What happened to the World Trade Organization?

Although the General Council of the World Trade Organization largely agreed to proposed reforms; Ambassador David Walker of New Zealand, who was appointed as the leading facilitator to oversee American complaints over WTO’s functioning; eventually took a brushing by the US trade envoy. The United States of America had been lobbying continuously to curtail the functions of the world trade body. Just when the Appellate was due for another hiring, the US cut down significant funds for renewal. Now, the Appellate body, designed to solve transnational trade disputes, is looming large. How did the multilateral organization reach a new low?

The Trump administration is largely to blame. Historically, as the council members in the WTO pointed out after the American verdict; the appellate has decided more in favour of American interests against disputes. Members spoke brazenly about how the US had used the resolution body to win significant disputes in the past. Downsizing it was a surprise, a rash move by the Trump administration to influence winds in the current trade war with China. Trade disputes are now pending and without the hiring of three positions, it will cease to function altogether. Poor nations will face the brunt; a lack of representation will sway justice in the favour of nations that are more powerful. United States was looking for increased autonomy in forcing countervailing and anti-dumping activities; which was clearly non-aligned with the core values of WTO. Donald trump is heating the challenge by limiting neutral committees to conduct fair operations. America has questioned the efficiency of the body to issue judgements within the stipulated 90 days, accusing members of straying away from the boundaries of understanding and interpreting dispute settling mechanisms. The absence of a functioning appellate body will lead to various consequences. The act of processing a trade complaint by nation states will take a major hit.

What next for the WTO?

The United States has undermined a global institution that has been hugely successful in combating disputes that could have blown out of proportion. Over the years, World Trade Organization came out of its shadows; from a flawed GATT, the trade dispute mechanism was duly added to improve institutional effectiveness. Negative attitudes from the United States has brought about the disease of unilaterism over a multilateral setting. It is difficult to guess how the transition would take place for the trade body, especially under the circumstances of other nations possibly being guided by similar apprehensions. American actions last year mean that there is a great need to revive the system that governs the organization, a possible change in the core rules that determine trading would be the first step. There is a point to consider on how WTO has not transformed the way it was first perceived after China’s inclusion in 2001. There was widespread illusion that China would act a nuisance to the functions and capacity of the organization; instead national interest concerns resurfaced, while American displeasure mounted. Since the end of 2001, China has lodged less than 25 cases at the WTO, only 6% of the total and significantly lesser than the US and the EU. The Chinese problem in the WTO was much anticipated, rather,the existence of productive organs quietly subsided in the last decade. In the same time, global GDP has increased by more than 250%. Nullification of the appellate body points to a new direction. There needs to be provisions where nation states cannot just block a nominee; likewise, an extensive group of judges would ease the workload. While it should have been actively involved in sorting out the current trade war, the World Trade Organization is not being handcuffed; sadly, it does not have the limbs anymore.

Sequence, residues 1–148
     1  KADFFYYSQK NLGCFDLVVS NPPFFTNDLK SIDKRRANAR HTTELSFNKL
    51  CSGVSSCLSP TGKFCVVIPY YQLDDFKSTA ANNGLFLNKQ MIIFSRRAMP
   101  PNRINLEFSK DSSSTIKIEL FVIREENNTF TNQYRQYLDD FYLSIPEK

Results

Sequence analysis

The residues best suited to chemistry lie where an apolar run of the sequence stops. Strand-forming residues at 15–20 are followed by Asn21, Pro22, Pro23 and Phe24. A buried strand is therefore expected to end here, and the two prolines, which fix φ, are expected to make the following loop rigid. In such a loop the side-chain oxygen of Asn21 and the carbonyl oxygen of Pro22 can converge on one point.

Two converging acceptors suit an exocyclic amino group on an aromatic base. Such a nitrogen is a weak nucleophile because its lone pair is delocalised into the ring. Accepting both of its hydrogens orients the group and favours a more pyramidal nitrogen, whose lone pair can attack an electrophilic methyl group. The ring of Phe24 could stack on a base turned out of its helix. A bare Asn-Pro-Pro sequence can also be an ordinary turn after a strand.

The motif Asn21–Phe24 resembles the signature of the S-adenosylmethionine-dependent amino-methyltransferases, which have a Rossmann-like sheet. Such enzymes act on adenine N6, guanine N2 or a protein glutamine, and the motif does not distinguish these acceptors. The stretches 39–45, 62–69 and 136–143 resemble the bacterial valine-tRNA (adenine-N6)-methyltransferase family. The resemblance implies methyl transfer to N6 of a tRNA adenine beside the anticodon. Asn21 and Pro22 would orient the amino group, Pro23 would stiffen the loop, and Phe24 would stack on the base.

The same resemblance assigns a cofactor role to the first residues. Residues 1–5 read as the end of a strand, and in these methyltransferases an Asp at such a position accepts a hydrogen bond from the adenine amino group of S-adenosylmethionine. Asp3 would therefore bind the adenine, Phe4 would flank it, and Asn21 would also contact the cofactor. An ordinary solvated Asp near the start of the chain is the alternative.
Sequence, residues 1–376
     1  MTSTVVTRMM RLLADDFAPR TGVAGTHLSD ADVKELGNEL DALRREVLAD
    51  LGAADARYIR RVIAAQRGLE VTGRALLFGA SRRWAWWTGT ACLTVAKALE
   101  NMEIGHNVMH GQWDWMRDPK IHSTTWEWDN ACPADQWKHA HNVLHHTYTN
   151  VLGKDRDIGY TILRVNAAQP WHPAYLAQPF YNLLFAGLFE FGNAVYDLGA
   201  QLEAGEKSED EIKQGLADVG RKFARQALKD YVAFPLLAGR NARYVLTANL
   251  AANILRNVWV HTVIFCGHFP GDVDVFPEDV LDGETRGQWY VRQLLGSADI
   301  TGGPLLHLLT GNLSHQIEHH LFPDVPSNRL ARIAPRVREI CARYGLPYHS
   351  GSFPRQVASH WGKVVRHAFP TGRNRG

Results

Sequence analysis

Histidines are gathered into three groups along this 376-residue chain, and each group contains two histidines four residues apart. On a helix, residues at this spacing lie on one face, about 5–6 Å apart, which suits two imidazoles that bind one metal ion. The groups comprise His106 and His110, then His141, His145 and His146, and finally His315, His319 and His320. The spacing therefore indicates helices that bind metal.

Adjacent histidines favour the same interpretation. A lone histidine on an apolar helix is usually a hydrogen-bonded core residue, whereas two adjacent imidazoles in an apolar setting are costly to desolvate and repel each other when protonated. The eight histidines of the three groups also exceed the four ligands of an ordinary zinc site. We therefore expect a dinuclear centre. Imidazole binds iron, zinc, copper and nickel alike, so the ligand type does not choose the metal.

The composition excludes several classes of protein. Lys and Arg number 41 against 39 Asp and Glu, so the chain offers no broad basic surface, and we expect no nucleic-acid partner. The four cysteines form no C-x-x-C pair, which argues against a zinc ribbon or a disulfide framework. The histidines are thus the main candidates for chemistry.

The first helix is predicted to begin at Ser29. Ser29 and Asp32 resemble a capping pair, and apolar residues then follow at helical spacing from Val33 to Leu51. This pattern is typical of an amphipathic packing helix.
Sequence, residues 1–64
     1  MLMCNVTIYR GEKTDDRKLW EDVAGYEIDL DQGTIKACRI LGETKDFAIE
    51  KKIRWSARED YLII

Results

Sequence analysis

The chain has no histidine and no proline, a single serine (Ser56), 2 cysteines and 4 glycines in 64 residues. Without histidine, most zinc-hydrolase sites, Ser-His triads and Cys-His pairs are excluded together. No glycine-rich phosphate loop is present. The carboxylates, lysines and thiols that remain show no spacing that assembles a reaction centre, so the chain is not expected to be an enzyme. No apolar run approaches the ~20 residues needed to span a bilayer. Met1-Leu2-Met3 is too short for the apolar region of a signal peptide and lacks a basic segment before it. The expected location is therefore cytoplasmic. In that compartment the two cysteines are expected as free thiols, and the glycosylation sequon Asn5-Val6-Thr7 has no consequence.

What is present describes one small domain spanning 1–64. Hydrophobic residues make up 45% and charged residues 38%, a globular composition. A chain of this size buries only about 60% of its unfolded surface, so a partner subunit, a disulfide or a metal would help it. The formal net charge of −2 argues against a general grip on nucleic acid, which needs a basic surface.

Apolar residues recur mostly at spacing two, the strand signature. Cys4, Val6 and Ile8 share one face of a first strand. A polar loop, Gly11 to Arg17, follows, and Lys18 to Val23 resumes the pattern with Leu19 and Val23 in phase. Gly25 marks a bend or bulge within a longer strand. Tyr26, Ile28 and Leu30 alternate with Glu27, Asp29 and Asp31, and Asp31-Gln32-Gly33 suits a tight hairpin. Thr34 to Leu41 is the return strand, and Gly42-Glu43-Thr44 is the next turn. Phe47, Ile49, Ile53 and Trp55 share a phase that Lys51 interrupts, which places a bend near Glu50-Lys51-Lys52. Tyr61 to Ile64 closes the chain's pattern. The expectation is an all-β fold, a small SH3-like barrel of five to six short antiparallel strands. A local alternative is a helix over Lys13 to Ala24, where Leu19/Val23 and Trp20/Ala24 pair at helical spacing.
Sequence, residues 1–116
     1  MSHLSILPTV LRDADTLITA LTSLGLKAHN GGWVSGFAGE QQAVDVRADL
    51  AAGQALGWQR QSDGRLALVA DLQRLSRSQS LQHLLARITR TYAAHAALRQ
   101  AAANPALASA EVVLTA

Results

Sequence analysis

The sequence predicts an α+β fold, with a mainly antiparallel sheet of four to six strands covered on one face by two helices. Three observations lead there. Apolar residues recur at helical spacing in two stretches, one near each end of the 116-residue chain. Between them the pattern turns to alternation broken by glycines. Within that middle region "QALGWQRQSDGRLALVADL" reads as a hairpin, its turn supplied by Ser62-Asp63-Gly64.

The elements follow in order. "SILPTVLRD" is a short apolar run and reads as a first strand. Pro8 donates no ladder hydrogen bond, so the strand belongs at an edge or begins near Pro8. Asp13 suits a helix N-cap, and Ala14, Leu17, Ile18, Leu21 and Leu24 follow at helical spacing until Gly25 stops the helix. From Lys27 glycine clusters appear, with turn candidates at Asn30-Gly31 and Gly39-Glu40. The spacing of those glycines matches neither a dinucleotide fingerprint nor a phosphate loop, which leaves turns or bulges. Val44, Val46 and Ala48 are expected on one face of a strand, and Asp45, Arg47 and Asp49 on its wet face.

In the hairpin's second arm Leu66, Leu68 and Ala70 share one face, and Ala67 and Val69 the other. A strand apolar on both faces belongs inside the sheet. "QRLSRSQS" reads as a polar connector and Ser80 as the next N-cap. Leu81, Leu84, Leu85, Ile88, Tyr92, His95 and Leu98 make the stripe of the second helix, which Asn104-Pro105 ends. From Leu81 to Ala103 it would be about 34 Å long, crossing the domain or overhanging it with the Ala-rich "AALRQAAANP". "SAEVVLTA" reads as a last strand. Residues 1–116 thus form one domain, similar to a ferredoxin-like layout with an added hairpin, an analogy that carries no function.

Sisir Devkota
Sisir Devkota
Global Affairs Analyst based in Kathmandu, Nepal. Founder, Trainer & Researcher at "The Protocol" which facilitates analytical research on current affairs and workshops on Diplomacy and Leadership. Masters of Social Science in Democracy & Global Transformations from the University of Helsinki, Finland. Author for a book chapter titled as "Armed Conflicts in South Asia 2013".